C. Sunblock – many people fail to realize the dangers of standing in the Sun for prolonged periods of time. Reduce the potential health risks of sun exposure with sunblock of at least SPF 30. Bullfrog’s high-performance sunscreens are designed to withstand high temperatures, are water resistant, and repel mosquitos. 

D. Sunglasses – along with protecting your skin, you’ll want to protect your eyes from the Sun’s ultraviolet rays. Polarized sunglasses are recommended, but Sunglass Warehouse also provides a myriad of stylish festival sunglasses for you to choose from. 

E. Identification – whether it’s your driver’s license, passport or a state issued ID, make sure you have some form of identification with you. This will ensure you’re able to verify tickets as yours, will prove you’re old enough to buy alcohol, and will allow you to identify yourself in the case of emergency. Because festivals can get a bit wild, it may be a wise decision to invest in a Specialist ID badge holder and lanyard. Wearing your ID around your neck can help you keep track of it in the midst of activity.

F. Earplugs – if you’re at a music festival, the speakers will be at a deafening volume. Check out EarPeace’s high fidelity ear plugs to reduce the intensity on your ears.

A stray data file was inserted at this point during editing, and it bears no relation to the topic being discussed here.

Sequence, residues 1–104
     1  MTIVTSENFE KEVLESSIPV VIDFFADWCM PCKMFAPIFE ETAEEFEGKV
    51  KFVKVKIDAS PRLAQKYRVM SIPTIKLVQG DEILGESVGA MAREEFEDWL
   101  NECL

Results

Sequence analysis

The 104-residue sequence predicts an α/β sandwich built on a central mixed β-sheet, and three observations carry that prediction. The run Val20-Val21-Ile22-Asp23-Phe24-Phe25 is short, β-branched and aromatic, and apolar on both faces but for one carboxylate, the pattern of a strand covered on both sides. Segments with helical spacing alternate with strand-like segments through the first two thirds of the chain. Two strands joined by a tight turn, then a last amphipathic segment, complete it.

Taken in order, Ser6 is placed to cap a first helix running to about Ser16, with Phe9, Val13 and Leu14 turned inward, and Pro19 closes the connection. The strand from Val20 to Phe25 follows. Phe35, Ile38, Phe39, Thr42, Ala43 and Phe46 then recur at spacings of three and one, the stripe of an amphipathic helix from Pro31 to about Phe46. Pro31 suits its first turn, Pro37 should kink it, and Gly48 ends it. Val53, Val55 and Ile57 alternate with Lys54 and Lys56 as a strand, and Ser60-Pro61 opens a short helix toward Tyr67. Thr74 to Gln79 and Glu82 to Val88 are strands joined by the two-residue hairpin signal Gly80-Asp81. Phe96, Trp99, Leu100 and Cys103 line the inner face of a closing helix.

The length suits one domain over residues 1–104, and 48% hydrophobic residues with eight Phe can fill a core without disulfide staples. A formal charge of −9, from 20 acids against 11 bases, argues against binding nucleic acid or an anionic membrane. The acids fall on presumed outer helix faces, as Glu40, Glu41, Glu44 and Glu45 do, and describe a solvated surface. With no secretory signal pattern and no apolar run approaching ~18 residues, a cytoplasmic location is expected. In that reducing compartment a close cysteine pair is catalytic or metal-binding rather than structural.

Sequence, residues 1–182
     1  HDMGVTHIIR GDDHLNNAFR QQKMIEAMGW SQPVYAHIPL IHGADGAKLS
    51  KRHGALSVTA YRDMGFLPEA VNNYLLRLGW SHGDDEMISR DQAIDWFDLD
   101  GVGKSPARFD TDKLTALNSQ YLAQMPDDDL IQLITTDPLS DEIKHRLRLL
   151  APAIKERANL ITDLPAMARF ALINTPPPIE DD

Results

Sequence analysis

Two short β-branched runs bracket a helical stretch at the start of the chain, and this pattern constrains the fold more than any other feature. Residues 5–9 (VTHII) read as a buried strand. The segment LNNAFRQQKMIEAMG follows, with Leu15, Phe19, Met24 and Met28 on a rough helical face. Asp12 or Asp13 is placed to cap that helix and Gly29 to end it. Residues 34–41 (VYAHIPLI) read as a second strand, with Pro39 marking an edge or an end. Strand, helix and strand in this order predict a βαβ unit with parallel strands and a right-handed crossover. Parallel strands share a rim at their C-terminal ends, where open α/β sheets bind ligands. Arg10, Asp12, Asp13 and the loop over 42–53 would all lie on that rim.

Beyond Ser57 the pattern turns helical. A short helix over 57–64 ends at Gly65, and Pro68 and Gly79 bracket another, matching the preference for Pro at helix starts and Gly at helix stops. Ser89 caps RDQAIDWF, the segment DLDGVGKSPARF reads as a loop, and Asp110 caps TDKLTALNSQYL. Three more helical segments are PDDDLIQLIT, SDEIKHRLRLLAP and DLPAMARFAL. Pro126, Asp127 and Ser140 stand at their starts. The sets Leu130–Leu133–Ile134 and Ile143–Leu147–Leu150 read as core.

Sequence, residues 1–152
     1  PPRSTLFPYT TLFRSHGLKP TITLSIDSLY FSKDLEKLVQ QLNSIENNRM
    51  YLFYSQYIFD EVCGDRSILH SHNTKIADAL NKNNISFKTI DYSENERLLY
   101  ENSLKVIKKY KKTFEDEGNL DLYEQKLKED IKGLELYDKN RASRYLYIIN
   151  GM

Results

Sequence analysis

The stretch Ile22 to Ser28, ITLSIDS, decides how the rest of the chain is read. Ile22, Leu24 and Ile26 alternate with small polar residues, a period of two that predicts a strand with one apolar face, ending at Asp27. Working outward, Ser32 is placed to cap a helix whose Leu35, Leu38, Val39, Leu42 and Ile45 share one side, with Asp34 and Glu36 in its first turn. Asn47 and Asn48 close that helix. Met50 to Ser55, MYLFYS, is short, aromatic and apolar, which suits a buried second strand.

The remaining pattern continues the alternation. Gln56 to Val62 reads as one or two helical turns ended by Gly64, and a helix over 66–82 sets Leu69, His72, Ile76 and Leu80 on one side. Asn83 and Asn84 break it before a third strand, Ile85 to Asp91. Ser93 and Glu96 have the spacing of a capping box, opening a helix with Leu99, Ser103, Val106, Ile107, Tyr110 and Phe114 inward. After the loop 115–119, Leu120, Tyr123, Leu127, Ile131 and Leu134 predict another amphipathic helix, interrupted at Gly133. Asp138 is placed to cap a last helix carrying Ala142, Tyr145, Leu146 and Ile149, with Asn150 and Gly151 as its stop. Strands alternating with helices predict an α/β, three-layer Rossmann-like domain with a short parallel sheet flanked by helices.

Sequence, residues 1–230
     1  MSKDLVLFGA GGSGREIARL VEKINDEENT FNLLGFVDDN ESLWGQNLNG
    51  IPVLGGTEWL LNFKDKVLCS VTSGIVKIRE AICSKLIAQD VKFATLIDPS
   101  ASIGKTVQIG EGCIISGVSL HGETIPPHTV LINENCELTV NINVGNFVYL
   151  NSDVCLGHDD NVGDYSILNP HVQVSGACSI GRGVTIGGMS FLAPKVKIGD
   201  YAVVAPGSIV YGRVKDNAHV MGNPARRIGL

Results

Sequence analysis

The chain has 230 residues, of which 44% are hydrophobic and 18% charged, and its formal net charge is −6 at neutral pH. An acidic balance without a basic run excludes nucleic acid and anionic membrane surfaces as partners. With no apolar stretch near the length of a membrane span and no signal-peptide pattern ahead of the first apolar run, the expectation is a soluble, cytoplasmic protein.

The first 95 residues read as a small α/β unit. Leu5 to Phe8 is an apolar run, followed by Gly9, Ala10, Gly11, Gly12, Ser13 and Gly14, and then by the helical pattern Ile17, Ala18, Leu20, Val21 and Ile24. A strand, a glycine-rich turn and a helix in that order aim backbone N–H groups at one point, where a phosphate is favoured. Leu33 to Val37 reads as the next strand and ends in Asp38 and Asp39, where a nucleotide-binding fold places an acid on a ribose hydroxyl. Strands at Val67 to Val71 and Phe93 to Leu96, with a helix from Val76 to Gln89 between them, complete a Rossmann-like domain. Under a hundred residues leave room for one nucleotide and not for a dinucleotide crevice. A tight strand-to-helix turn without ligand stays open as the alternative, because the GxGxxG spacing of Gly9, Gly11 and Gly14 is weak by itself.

G. Portable Battery Pack – you’ll be surprised how quickly your phone runs through its battery when you have no access to an outlet. Ravpower’s portable battery packs will give you a few extra hours of battery life when you need it most.

H. Weekend Bag – check the rules for whichever festival you may be attending. Chances are you’ll be allowed to bring a backpack, which will make it much easier to carry all of these items into the event. Take a look at Oliberte’s durable, hand-crafted leather backpacks, ideal for outdoor activity.

I. Tent – if you’re going to a multi-day festival, you may want to camp out with your friends instead of reserving a hotel and finding transportation to and from it. Get yourself a Coleman camping tent that can accommodate everyone in your party, and toss in the essentials (sleeping bags, pillows, blankets)music_festival_essentials

5. Eat Before You Go

Unless you’re going to a food festival, make sure you eat a nice meal before you head out. Refreshments at the event are likely to be astronomically priced, so try to consume a healthy, balanced meal beforehand.



During the Festival


At festivals, staying in contact with your group can be difficult. There are so many people in such a vast area, you can easily lose track of your party in a matter of seconds. To mitigate some of the stresses of losing your friends, utilize these strategies:

6. Move As a Group